Photo 6a

Burnishing nut slots. If you hear a little ping when tuning one of your guitar’s wound strings, it could be a sign that it’s getting snagged on a little burr in the nut slot. In some cases, fixing this means taking your axe to a pro with the tools and knowledge to reshape the slots, but often you can solve the problem yourself.

Dan Erlewine—luthier and guitar guru extraordinaire—hipped me to this slot-burnishing technique. For starters, whenever you change strings, don’t immediately throw them away. Instead, clip out a section of each wound string—12" is about right—and save it.

A good acoustic guitar can last a lifetime, but if it’s equipped with onboard electronics, that technology becomes obsolete
in a matter of years.

If you play a lot and own several acoustic and electric guitars, it won’t take long to build up a stash of wound string sections you can use as burnishing tools (Photo 6a). Complete the kit with a roll of waxed dental floss. A dial caliper, a relatively inexpensive tool sold in automotive parts stores, is handy for measuring string gauges, but not essential.

The concept is simple: Clean out and burnish the offending slot using a piece of wound string that has a slightly smaller diameter than the one on your guitar that’s pinging. For example, if you’re using a .024 3rd string on your flattop, a .022 works well as a burnishing tool. You can eyeball this pretty easily. If the burnishing string drops down into the slot—don’t force anything—you’re good to go.


Photo 6b

But remember: When burnishing the slot, always maintain a downward angle toward the headstock (Photo 6b). The highest point of each nut slot must be the edge that faces the fretboard. Press the burnishing string lightly into the slot and run the string back and forth, using firm, steady strokes. A dozen passes should do the trick.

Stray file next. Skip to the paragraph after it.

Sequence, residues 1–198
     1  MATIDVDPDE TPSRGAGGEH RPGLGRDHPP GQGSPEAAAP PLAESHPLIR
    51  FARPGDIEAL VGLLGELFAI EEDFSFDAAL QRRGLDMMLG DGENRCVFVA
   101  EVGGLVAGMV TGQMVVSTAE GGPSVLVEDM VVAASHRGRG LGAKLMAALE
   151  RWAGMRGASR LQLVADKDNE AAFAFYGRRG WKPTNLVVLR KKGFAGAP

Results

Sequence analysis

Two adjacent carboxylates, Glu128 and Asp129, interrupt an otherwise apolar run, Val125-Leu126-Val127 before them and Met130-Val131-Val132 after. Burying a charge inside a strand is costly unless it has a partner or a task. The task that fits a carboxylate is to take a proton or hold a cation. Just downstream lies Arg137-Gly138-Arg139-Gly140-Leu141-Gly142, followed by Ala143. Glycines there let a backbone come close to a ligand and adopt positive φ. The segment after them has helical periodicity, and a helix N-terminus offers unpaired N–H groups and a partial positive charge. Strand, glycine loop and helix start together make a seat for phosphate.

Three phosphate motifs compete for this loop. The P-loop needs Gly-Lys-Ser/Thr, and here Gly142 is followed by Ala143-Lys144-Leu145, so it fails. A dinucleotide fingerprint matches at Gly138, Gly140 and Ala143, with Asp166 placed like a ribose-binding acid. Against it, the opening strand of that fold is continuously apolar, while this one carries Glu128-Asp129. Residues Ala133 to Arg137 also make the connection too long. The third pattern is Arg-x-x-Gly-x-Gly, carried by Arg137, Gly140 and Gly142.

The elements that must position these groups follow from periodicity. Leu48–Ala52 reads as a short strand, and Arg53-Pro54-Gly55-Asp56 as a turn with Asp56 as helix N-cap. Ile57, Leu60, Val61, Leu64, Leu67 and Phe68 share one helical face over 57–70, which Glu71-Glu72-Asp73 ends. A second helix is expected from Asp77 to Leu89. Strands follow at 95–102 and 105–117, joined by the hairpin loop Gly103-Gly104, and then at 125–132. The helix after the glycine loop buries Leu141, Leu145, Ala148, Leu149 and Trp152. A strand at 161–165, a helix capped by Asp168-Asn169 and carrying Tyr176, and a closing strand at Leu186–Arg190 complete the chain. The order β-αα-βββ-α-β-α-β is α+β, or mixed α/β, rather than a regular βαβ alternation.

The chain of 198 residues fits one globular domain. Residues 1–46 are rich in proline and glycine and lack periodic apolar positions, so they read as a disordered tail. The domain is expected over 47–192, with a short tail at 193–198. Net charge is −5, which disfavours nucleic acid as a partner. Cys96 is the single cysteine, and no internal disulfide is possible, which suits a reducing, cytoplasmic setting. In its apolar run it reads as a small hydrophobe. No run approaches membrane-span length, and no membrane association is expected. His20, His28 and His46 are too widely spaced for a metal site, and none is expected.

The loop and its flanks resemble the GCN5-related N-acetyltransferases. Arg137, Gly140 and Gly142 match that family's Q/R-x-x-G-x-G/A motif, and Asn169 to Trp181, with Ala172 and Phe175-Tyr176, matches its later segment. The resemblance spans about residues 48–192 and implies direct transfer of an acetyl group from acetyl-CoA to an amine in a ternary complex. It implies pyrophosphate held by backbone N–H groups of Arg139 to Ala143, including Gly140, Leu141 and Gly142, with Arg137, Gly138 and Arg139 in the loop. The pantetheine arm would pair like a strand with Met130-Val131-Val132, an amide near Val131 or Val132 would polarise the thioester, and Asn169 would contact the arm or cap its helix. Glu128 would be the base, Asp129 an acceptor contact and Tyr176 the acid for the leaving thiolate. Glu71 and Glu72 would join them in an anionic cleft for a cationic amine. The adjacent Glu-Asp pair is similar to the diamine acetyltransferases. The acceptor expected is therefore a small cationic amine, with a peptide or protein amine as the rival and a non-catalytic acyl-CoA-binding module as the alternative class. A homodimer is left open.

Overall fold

Photo 6c

Though you won’t be able to slip a wound string into a thinner plain string’s nut slot, you can polish it out with waxed dental floss (Photo 6c). The goal is to leave a slippery surface at the bottom of the slot. It doesn’t hurt to “wax out” the wound string slots, too, after you’ve burnished them.

By the way, hang onto all those pieces of string with ball ends. In a moment, we’ll see how to use them in another hack.

Hush pucks. If you practice electric guitar in an apartment, dorm, condo, or even a stand-alone dwelling, you know how low-frequency sounds can travel through the floor and disturb neighbors, roommates, or family members. Even if you’re playing no louder than folks might listen to TV, those low notes can travel far and wide through the building.


Photo 7

Fortunately, there’s a way to keep the peace, and it comes in the form of isolation pads. They’re available in many designs, but the sorbothane pads sold by Isolate It are perfectly sized for guitar combos (Photo 7). Measuring 1/4" thick and just over 2" in diameter, these high-tech, squishy discs will decouple your amp from the floor. Each pad is rated up to 320 pounds, and according to the manufacturer, they absorb almost 95 percent of equipment vibration. Designed to isolate air compressors and other heavy machinery from a factory floor, these are tough little buggers. A set of eight pads runs about $23 on Amazon, so that comes out to less than $12 per amp. (Whew, we didn’t blow our budget.)

Bonus! Have a home studio? You can also tuck these vibration-absorbing pads under your monitors to reduce low-frequency transmission into your studio furniture, and thus get cleaner, more accurate mixes.